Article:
by Robert Romano
The national debt, now $22 trillion, grew by almost $1.5 trillion in 2018 as spending in Washington, D.C. continues to outpace the growth of the economy and revenues.
Since 1980, the U.S. national debt has grown an average of 8.8 percent every fiscal year, but during that same period, the U.S. economy has only averaged 5.4 percent growth economic nominally before adjusting for inflation.
As a result, the debt is now 105 percent of the economy. And if those trends were to continue, the debt will top $100 trillion in 2037, and exceed 193 percent debt to GDP.
It’s not something that pleases me to report. I surely hope I am wrong.
But even if it only grew by 7 percent, as it did last year, that still would ratchet the debt to more than $78 trillion by 2037.
In plain terms, that is simply unsustainable and yet a very predictable outcome if Congress cannot get its act together.
Making matters worse, it appears likely they will not get the fiscal house in order — and economic growth will be nowhere near 5.4 percent nominal, annual growth.
One of the reasons for the steady growth of the debt is that two-thirds of the federal budget operates on autopilot — that is, the spending is baked into the laws Congress has already passed, defining expenditures on the basis of eligibility rather than having annual appropriations votes on spending.
Put another way, Congress could pass no spending bill for the upcoming fiscal year, resulting in a partial government shutdown in October, and the vast majority of the spending would continue unabated.
As a result, there is no imminent reason for Congress to ever address the two-thirds of the budget operating on autopilot since no action is needed in order to continue spending. So, what’s the most likely outcome?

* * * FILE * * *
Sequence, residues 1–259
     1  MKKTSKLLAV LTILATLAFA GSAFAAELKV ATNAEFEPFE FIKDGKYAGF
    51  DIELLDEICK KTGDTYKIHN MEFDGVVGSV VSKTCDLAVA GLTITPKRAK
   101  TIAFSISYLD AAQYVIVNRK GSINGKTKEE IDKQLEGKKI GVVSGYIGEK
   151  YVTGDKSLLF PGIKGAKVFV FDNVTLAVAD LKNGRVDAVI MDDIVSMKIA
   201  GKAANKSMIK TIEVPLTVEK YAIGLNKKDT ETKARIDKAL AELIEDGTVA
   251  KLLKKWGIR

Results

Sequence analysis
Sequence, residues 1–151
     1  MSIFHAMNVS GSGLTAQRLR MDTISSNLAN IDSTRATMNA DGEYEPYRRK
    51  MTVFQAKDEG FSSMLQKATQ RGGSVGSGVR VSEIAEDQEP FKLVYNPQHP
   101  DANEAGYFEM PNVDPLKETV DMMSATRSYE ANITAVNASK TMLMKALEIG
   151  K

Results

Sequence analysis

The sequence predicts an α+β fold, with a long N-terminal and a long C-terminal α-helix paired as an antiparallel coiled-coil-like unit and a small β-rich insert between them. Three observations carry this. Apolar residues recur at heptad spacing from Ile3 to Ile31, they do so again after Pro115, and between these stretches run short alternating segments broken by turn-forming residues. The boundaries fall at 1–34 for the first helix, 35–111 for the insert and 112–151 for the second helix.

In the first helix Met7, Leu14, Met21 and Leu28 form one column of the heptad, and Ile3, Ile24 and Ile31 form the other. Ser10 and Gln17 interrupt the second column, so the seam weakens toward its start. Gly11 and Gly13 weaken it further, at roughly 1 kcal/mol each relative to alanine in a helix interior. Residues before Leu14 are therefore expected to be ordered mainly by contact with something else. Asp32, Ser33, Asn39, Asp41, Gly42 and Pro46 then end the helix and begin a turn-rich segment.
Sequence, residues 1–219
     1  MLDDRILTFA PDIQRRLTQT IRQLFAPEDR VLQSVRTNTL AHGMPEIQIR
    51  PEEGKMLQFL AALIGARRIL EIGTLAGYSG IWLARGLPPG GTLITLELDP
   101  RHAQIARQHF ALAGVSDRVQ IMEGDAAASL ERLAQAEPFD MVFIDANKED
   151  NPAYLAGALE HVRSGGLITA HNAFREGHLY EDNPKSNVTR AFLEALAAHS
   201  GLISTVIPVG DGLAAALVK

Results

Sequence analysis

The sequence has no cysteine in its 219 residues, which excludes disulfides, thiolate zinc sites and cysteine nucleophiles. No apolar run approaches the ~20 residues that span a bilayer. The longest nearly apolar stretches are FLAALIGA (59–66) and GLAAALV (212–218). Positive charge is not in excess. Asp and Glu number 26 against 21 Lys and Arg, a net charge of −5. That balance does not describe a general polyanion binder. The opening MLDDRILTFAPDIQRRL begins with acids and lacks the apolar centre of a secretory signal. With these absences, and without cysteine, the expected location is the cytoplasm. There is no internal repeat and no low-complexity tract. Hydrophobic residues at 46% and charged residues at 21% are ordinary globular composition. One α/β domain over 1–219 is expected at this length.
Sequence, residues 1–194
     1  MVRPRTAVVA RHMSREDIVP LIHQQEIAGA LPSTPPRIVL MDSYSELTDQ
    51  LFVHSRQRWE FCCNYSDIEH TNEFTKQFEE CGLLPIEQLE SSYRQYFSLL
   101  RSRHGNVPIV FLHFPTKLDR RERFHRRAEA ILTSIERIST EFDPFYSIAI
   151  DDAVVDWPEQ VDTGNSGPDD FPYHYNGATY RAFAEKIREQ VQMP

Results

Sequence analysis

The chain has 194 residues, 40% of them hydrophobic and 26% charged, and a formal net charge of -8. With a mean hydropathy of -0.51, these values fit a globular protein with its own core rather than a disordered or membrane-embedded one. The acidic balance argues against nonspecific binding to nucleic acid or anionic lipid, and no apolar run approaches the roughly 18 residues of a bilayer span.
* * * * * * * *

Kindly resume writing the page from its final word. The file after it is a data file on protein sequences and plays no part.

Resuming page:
Congress will continue to address the budget almost exclusively via the discretionary spending process. They’re not going to address Social Security, Medicare, Medicaid, food stamps or anything else in any meaningful way that would result in expenditures slowing.
With that in mind, Congress ought to take a good look at the budget President Donald Trump and the Office of Management and Budget have come up with. Over ten years, it would cut overall spending by $2.7 trillion and bring the budget towards balance within 15 years.
It doesn’t necessarily get the U.S. where it needs to be immediately, but Congress has to start somewhere. It’s certainly better than doing nothing. Even those modest cuts Trump is proposing would go a long way to helping get the debt under control.
There is reason for concern. The White House’s economic assumptions in the budget are actually very optimistic, projecting 5.2 percent nominal economic growth for 2019, or 3.2 percent when adjusted for inflation. It does not forecast any recessions in the next decade.
But as of this writing, the Atlanta Federal Reserve’s GDPNOW estimate is only forecasting an annualized, inflation-adjusted growth rate of 0.4 percent in the first quarter. If that’s what the number comes in at, it will require much higher growth later in the year, making it extremely difficult to get to 3.2 percent for the year.
The reason the national debt keeps growing faster than the government usually projects is because once every seven years or so the economy does get a recession. It throws all the projections off.
And to the extent OMB is wrong about economic growth in 2019, so too will its estimates of revenue likely be off — which will factor heavily into how much the debt grows. That’s just the way it works. We’d like very much to grow the economy out of this fiscal pit, but every year we don’t it gets that much harder. And Congress isn’t doing much to help the situation.
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